Responsible Tourism Destinations Conference (RTD7) #Barcelona
I wrote this blog from the balcony of the award winning INOUT hostel in the mountains of Barcelona, listening to the chimes of nearby church bells and the buzz of the city below.
INOUT hostel employs people with a range of disabilities, it's a brilliant place bursting with the energy and pride of its achievements. I found this gem thanks to the 7th Responsible Tourism in Destinations Conference (RTD7) which not only provided a fantastic conference but also the opportunity to enjoy the Mendes Islands, discover a city based nature walk and the unforgettable experience of participating in the Catalan tradition of 'human towers' shown in this picture. I'm in the red, nervously looking up at the talented child gymnasts above....
When I arrived in Barcelona I spent the afternoon by INOUT's pool preparing my presentation in the sunshine. The academic day of the conference followed and after a brief visit to Rafael Nadel's training club (to ask for directions) I met fellow responsible tourism students and academics at Turismo Sant Ignasi to explore the opportunities for tourism to promote local distinctiveness and take responsibility for its environmental impacts. I presented my Chinese Market research which explores the opportunities for destinations to provide responsible tourism for the Chinese market and ideas about how responsible tourism could become the principal way this market segment 'consume' Cumbria in the future.
Wednesday took conference delegates out of Barcelona and north to Torroella de Montgri and L'Estartit to learn about its impressive and transformative tourism regeneration. Dedicated individuals influenced this destination to turn away from the outdated growth centric tourism model, typical of the Costa Brava, and toward a more responsible form of tourism development. Tourism that provides quality, protected landscapes, excellence and visitors who are interested in the activities which local people also enjoy. The panel discussion explored how this transformation was achieved and the conference theme of commitment, collaboration and common sense began to take seed. The challenges of Torroella de Montgri and L'Estartit rang true for many delegates from all over the world who continued the discussion on a glass bottomed boat (with occasional 'wow look at that' interruptions) around the fabulous Mendes Islands.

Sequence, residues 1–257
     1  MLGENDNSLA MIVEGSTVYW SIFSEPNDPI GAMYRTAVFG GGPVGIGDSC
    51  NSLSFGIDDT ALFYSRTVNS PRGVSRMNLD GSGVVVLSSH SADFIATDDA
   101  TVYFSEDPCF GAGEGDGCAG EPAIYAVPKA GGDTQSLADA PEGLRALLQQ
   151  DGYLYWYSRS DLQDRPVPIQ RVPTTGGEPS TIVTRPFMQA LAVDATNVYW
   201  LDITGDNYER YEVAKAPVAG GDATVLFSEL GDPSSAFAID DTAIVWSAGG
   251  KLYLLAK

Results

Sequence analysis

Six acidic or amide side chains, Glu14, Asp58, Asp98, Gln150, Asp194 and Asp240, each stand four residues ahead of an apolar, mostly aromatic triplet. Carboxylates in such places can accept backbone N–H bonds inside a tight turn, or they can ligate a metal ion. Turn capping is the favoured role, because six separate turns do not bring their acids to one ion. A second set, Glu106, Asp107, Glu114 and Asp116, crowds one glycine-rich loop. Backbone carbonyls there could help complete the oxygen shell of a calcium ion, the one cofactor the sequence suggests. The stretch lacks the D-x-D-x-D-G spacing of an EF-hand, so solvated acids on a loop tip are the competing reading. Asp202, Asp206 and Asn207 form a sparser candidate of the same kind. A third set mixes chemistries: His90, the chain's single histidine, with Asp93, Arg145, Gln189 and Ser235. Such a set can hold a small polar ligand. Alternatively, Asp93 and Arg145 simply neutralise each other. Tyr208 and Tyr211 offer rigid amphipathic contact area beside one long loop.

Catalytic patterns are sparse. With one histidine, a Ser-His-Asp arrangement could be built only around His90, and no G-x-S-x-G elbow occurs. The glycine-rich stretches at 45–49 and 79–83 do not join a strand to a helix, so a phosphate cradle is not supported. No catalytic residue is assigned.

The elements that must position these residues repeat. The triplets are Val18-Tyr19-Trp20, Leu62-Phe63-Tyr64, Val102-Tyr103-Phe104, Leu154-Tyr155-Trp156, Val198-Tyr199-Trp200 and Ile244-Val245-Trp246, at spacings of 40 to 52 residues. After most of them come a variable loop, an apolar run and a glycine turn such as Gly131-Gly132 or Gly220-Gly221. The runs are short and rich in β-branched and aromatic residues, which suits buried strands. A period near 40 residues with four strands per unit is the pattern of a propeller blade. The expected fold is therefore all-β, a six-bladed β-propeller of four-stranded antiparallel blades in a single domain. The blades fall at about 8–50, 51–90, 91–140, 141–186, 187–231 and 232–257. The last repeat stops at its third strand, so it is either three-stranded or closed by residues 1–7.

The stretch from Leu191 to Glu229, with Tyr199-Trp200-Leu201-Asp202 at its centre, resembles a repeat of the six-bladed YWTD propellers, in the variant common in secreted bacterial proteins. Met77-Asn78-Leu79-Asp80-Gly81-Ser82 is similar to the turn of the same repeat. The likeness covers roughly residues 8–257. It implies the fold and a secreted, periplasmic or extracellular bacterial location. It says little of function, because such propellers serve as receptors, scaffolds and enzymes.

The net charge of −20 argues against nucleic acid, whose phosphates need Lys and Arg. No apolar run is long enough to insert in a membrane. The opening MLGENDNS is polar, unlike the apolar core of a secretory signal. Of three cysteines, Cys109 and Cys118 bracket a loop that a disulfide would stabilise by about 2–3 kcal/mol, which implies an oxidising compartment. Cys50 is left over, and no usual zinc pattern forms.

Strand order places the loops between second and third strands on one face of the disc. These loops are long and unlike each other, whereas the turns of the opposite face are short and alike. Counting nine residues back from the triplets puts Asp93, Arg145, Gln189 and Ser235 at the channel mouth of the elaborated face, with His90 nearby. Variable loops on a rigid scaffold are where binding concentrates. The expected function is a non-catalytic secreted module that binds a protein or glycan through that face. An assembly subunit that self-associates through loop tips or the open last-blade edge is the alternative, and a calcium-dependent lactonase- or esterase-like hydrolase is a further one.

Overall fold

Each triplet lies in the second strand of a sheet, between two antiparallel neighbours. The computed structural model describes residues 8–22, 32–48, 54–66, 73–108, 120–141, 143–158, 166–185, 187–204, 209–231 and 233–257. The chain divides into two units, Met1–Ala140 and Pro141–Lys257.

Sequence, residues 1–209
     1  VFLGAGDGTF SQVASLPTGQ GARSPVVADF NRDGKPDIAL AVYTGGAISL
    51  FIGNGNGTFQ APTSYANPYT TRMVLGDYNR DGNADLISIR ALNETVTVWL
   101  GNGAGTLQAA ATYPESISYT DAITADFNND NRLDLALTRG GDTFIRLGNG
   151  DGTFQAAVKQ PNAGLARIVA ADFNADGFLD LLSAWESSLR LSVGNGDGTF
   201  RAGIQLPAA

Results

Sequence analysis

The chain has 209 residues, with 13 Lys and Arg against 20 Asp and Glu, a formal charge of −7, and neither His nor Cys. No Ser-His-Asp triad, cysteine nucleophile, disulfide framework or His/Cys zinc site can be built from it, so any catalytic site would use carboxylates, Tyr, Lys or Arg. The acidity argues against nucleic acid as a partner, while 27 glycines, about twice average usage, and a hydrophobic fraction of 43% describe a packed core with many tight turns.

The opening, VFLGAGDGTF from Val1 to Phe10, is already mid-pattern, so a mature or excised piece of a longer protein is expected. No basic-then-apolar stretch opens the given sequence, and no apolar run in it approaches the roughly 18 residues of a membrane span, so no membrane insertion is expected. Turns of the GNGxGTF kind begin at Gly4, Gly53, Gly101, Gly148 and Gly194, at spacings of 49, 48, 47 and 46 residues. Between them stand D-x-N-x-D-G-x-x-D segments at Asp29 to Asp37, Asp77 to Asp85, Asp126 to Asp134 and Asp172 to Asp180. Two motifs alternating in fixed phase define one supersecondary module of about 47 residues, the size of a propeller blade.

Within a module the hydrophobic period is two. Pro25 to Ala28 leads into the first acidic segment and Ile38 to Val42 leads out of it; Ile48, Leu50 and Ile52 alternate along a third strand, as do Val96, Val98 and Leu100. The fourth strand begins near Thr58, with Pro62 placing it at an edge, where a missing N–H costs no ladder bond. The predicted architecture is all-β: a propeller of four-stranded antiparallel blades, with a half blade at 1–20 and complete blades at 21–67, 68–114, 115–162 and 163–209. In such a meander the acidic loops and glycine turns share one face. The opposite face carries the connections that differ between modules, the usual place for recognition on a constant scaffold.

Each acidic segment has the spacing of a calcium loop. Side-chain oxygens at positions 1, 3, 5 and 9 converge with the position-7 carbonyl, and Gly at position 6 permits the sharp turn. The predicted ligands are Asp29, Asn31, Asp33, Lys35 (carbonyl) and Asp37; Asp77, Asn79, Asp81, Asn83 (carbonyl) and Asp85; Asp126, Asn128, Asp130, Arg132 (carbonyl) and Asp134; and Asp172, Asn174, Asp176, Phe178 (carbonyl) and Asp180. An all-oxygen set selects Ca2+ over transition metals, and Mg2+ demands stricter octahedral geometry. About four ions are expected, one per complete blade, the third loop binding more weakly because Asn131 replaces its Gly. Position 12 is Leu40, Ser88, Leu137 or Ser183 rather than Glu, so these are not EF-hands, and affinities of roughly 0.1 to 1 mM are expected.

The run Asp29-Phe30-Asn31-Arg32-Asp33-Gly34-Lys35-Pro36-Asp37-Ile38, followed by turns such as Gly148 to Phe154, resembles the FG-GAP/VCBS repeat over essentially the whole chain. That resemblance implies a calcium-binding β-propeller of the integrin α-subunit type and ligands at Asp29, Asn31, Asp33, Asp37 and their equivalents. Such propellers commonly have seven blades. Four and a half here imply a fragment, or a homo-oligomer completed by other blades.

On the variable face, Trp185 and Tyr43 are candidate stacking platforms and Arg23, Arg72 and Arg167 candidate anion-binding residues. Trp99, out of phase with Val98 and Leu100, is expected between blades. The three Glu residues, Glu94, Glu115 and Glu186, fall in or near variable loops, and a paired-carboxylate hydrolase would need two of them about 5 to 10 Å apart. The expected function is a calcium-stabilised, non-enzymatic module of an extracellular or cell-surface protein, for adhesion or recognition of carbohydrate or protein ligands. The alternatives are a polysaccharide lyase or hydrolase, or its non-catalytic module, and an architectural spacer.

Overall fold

The industry aspect of the conference began in earnest on Friday with presentations that continued to demonstrate how responsible tourism is being achieved across the globe. I particularly enjoyed presentations from TUI who engage their 30 million customers in the ethos of responsible tourism in a variety of ways. Whilst Jane Ashton admitted the scale of the task ahead, TUI are unafraid to state where they are now and outline their future aspirations, a positioning decision I respect. Another powerful presentation came from Frederic Gonzalo from Gonzo Marketing. His passion for social media platforms and their power was evident and he convincingly made the link between social media and responsible tourism 'with great power, comes great sustainability'. The idea of utilising social media as a microphone for local people to champion and communicate their places, providing a smorgasbord of visitor experiences, was an inspiring and refreshing move away from the usual destination marketing technique of dictating to visitors – a method that rarely reflects the reality or sense of place within destinations. Similarly, Dr Xavier Font noted how visitors are increasingly underwhelmed with vanilla flavour experiences and instead demand to be wowed, creating an opportunity for responsible tourism to be the ice cream equivalent of Gingers Comfort Ice Cream Emporium (shameless Manchester plug, the venue for RTD8) compared to the traditional ice cream van.
Another highlight was the city nature walk with Evarist from Naturalwalks. During this 3 hour walking tour we discovered parts of Barcelona minutes away from the Ramblas yet miles apart on an imagined authenticity scale (more trees and city folk walking their dogs than non- Catalan tapas and Sangria). Evarist taught us about Carrob and its connection to its weight in gold, he showed us the amazing overgrown Olympic parks and the city's cemetery where the stunning Cyprus trees prompted conversations about the Mediterranean attitude toward life and death. I was chuffed throughout the tour, chuffed that all the info he shared that evening would have remained completely unknown to me had I wandered down the tourist trail instead of discovering his perspective of the city he clearly loved.
Despite my nervous peek to see what was happening in the tower forming above me, the human tower experience was by far the most memorable part of RTD7 for me. The towers began in the 18th century and to date there are over 60 Castell groups who compete and perform throughout Catalonia. A castell needs many supporting hands as the base provides the stability and structure for the tower. The image of the tower hands was the chosen image for RTD7 because they represent commitment and collaboration which are essential for ensuring the safe completion of a human tower, no scope for distraction or nonsense here. Responsible tourism shares these traits, and like the quiet confidence experienced amongst the Castellers of Barcelona I believe responsible tourism will confidently tower above the traditional models of tourism thanks to the dedicated and engaged professionals I met throughout this conference.
As mentioned above, RTD8 will take place in Manchester in April 2014 and whilst delegates won't be able to take part in a human tower (an assumption I'm confident to make) they'll definitely discover another flavour of Responsible Tourism in Britain.